Friday night found me on Cypress Mountain with two girlfriends, taking a snowshoe tour through the forest to a cheese and chocolate fondue. If that sounds like too many good things together, it is. Snowshoes. Mountains. Girlfriends. Cheese fondue. Chocolate. Yep. It was awesome.
It was also exactly what I needed at the end of a long day—a long week. I’d been looking forward to this snowshoe tour all winter (ever since applying to become a Healthy Family Expo blog ambassador again). Then the tour got postponed once, and twice, because Hollyburn Lodge wasn’t ready. Finally, the lodge was open for fondues—and I had a babysitter crisis. I have only one babysitter I can call on, making it hard to get out very often without kids.
Then my friend mentioned that her kids were with their dad for the weekend. Immediately I asked my husband if he’d watch our girls so I could go snowshoeing. My friend had never been snowshoeing before and was eager to try. Next I worried that the snowshoe tour would fill up before we could get our tickets. Tours only run on Fridays and Saturdays, and end on March 26 this year, so I was sure everyone in Vancouver must be heading for Cypress. (If you aren’t, you should be!)
Thankfully, there was space available on Friday’s tour. At 5 pm, I left my youngest two girls crying as I dashed out the door. Cue the mom guilt, which I quickly shoved down, telling myself they’d be fine with Daddy. I’m sure they stop crying as soon as I leave (isn’t it always just a show for Mommy?). I managed not to get a speeding ticket on my way across Vancouver (just barely) and arrived just on time for the snowshoe tour.
The nice thing about snowshoeing in March (instead of January) is that it was still light out when we began our tour. Our guide, Paul, led eleven of us crunching off across the snow toward the forest. He paused to let us admire the view and the sunset, and to explain the names of the mountains around us. (I learned there is no Cypress Mountain; the three mountains have other names, and surround Cypress Bowl, named for the tree which makes up most of the forest there.)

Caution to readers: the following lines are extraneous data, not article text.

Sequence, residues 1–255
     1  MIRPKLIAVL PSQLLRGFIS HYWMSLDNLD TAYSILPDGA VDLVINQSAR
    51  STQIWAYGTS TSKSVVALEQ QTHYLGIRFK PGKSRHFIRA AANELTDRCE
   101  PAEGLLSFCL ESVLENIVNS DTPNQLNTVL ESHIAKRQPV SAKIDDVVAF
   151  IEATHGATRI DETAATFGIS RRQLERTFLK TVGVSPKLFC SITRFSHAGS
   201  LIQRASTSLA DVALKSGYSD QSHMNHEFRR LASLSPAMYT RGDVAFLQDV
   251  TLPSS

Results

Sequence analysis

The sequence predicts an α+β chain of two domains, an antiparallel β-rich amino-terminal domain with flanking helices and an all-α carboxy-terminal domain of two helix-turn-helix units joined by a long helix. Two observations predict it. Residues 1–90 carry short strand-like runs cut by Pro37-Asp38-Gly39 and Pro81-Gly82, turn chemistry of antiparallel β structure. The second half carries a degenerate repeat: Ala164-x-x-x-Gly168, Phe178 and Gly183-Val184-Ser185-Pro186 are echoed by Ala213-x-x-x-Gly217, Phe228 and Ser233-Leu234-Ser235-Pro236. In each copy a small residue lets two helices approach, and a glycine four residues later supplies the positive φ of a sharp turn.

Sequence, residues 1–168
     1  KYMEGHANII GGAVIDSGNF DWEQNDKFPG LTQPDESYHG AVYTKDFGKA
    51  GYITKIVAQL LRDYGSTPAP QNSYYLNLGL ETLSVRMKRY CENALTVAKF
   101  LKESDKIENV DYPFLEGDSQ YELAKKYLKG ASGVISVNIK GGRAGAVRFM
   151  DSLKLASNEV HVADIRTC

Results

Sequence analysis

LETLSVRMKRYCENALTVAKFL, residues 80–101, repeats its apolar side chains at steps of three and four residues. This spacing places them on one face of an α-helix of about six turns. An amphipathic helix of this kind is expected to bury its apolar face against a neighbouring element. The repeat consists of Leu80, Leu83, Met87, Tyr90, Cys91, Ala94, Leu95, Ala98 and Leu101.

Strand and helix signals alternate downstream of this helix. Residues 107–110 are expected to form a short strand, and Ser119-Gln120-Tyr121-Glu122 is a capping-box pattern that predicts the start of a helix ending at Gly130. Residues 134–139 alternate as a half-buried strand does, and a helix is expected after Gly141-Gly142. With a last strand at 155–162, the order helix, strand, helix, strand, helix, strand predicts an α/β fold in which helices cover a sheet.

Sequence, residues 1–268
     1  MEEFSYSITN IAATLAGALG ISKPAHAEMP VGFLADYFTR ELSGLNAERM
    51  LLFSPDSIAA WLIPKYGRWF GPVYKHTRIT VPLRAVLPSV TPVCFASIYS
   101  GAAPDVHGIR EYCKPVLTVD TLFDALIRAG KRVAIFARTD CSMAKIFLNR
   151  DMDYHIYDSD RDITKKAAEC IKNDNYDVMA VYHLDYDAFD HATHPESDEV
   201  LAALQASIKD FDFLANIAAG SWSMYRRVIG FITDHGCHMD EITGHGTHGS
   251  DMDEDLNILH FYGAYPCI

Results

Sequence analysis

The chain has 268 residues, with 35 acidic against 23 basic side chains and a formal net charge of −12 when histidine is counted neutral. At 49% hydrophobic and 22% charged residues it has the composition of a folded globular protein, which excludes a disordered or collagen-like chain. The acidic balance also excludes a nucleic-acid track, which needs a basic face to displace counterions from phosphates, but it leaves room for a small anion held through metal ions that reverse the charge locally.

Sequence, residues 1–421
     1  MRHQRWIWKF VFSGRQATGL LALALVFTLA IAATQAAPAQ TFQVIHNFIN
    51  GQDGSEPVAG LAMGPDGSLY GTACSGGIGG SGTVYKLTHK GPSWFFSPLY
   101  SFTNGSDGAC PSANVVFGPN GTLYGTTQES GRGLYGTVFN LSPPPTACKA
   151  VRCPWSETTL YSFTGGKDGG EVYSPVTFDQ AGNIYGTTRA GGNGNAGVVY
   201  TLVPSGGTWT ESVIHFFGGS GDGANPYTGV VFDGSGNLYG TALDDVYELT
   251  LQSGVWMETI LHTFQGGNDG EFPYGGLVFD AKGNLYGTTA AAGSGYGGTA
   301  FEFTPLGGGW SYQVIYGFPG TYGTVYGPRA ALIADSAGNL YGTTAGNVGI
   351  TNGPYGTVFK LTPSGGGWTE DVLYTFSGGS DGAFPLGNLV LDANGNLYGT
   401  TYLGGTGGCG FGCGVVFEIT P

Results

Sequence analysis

Photos barely do the view any justice. You can’t breathe the fresh, cold air or appreciate the crisp, new snow or hear the downhill skiers whizzing past on the track to the left. Just under the pink sunset is the ocean, blending with the snow in the evening dusk. The lodge lights were glowing with a homey warmth, as if inviting us back from the woods before we’d even left.
If snowshoes make you think of beaver-tailed wooden contraptions, think again. That’s what I grew up snowshoeing on in farmer’s fields in Alberta. Here in the mountains, however, our snowshoes are narrower and have crampons on the bottom for going up and down hills and gripping the icier snow. The snowshoes do add a bit of weight to your feet, but they are still easy to walk in, especially as we got into the deeper snow between the trees.
2017 has been a good snow year for the mountains in Vancouver. Paul told us how much fresh snow the mountain had received just this week. There were hills of fluffy snow all along the snowshoe tour. Even with tracks running all directions through the forest, there was still plenty of pure, white snow.